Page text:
The First Decade of Web-Based Sports Injury Surveillance: Descriptive Epidemiology of Injuries in US High School Boys' Ice Hockey (2008-2009 Through 2013-2014) and National Collegiate Athletic Association Men's and Women's Ice Hockey (2004-2005 Through 2013-2014).J Athl Train 2018; 53(12):1129-1142JA
Web-based sports injury surveillance via programs such as the High School Reporting Information Online system and the National Collegiate Athletic Association Injury Surveillance Program has aided efforts to collect data on ice hockey injuries.
To describe the epidemiology of injuries sustained in high school boy's ice hockey in the 2008-2009 through 2013-2014 academic years and collegiate men's and women's ice hockey in the 2004-2005 through 2013-2014 academic years using Web-based surveillance.
Descriptive epidemiology study.
Online injury surveillance of ice hockey teams of high school boys (annual average = 34), collegiate men (annual average = 20), and collegiate women (annual average = 11).
PATIENTS OR OTHER PARTICIPANTS
Boys', men's, and women's ice hockey players who participated in practices and competitions during the 2008-2009 through 2013-2014 high school academic years or the 2004-2005 through 2013-2014 collegiate academic years.
MAIN OUTCOME MEASURE(S)
Athletic trainers collected time-loss (≥24 hours) injury and exposure data. We calculated injury rates per 1000 athlete-exposures (AEs), injury rate ratios (IRRs) with 95% confidence intervals (CIs), and injury proportions by body site and diagnosis.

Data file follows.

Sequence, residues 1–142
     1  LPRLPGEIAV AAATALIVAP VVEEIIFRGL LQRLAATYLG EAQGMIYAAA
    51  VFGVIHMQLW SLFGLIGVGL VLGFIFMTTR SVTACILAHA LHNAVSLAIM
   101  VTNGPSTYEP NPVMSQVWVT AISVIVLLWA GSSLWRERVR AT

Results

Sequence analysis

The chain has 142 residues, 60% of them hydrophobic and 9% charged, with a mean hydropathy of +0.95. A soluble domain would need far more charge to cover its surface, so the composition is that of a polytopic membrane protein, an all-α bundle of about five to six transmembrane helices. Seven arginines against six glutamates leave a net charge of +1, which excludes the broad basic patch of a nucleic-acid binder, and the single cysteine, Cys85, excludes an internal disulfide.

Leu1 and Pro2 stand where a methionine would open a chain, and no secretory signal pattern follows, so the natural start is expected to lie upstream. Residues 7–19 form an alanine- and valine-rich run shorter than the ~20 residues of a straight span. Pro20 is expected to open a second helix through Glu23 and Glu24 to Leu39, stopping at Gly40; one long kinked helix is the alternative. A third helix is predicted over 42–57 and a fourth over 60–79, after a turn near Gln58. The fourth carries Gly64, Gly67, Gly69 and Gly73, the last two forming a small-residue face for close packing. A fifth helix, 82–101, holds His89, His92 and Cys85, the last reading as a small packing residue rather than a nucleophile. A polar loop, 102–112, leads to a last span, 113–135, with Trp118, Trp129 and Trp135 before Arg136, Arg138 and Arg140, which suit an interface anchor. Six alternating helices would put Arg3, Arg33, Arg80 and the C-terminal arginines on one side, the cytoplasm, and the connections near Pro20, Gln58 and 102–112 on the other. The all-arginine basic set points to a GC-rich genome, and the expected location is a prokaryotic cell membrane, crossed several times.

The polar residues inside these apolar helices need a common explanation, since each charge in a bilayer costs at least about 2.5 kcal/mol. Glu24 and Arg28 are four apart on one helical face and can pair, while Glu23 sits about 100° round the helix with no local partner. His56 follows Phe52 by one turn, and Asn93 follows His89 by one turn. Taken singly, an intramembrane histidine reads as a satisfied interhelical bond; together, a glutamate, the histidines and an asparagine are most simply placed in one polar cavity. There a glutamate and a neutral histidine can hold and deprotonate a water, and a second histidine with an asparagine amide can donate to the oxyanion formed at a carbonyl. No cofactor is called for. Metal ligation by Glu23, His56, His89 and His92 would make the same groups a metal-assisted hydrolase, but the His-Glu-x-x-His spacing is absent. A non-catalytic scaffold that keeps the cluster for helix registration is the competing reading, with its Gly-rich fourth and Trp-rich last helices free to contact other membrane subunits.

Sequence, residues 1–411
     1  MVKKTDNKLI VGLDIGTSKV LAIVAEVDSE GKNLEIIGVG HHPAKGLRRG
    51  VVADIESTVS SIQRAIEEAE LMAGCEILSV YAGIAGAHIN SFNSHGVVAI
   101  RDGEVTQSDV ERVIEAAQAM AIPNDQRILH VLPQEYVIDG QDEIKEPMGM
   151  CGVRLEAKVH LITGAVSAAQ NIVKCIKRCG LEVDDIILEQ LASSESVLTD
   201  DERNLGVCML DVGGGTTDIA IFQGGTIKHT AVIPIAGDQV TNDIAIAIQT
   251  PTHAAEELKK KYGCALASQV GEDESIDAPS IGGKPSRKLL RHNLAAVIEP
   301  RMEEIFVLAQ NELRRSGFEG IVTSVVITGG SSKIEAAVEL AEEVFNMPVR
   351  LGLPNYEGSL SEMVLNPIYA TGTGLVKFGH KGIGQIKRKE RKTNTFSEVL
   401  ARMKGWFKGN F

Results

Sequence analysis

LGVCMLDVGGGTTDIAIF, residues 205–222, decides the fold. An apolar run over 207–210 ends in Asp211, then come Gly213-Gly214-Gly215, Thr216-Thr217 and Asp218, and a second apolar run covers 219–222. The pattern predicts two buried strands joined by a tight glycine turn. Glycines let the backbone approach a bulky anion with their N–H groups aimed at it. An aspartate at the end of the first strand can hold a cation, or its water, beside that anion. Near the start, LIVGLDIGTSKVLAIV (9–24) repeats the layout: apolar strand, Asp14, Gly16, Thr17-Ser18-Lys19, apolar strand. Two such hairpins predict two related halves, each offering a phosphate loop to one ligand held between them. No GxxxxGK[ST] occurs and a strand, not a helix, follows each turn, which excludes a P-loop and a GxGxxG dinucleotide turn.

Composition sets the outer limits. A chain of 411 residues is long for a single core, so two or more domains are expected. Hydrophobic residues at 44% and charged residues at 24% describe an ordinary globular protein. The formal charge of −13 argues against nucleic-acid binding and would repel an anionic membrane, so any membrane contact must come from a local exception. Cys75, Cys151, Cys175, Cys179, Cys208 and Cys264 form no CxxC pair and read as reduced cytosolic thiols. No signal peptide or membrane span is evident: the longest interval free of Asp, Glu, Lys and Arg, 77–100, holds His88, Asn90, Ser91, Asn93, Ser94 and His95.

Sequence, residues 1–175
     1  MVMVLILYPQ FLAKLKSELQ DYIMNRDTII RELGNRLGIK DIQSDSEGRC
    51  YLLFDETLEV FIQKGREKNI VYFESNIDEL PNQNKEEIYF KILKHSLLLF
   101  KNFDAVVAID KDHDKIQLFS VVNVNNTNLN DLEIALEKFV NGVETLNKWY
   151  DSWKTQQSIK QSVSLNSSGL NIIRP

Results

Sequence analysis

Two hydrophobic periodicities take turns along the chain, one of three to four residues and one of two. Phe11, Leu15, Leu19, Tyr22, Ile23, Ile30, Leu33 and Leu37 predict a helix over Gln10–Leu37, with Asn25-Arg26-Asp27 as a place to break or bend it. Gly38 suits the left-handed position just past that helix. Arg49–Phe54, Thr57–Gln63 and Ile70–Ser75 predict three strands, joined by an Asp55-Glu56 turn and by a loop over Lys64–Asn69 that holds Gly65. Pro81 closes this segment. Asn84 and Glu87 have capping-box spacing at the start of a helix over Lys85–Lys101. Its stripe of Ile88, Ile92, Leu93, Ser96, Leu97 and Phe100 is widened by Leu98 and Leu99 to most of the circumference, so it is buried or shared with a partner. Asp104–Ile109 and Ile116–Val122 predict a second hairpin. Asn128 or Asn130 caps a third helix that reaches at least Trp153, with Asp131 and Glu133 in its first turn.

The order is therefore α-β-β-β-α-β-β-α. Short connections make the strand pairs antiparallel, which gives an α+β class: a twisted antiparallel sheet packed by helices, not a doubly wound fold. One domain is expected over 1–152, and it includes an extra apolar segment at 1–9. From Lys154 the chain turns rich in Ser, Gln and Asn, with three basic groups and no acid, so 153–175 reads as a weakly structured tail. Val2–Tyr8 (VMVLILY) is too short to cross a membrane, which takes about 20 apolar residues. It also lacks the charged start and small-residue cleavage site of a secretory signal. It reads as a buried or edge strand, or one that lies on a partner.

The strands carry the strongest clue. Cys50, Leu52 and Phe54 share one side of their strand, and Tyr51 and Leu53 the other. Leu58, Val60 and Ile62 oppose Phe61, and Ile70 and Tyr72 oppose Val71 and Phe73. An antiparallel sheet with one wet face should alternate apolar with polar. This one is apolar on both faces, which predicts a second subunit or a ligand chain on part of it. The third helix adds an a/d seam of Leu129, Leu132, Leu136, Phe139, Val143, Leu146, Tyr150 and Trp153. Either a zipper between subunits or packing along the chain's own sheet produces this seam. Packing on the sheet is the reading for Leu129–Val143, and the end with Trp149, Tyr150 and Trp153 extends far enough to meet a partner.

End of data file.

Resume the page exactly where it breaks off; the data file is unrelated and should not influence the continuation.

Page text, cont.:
The High School Reporting Information Online system documented 831 boys' ice hockey time-loss injuries during 356 997 AEs; the National Collegiate Athletic Association Injury Surveillance Program documented 2611 men's ice hockey time-loss injuries during 552 642 AEs and 752 women's ice hockey injuries during 232 051 AEs. Injury rates were higher in collegiate men than in high school boys during 2008-2009 through 2013-2014 (4.38 versus 2.33/1000 AEs; IRR = 1.88; 95% CI = 1.73, 2.05) and collegiate women during 2004-2005 through 2013-2014 (IRR = 1.46; 95% CI = 1.34, 1.58). Most injuries occurred during competitions (boys = 80.0%, men = 66.9%, women = 55.3%); injury rates were higher in competitions than in practices for boys (IRR = 8.14; 95% CI = 6.87, 9.65), men (IRR = 6.58; 95% CI = 6.06, 7.13), and women (IRR = 3.63; 95% CI = 3.14, 4.19). At all levels, most injuries occurred to the head/face and shoulder/clavicle and resulted in concussions, contusions, or ligament sprains.
Injury rates varied across sports but were consistently higher in competitions than in practices. In competitions, concussions were common injuries, highlighting the need for continued development of injury-prevention strategies.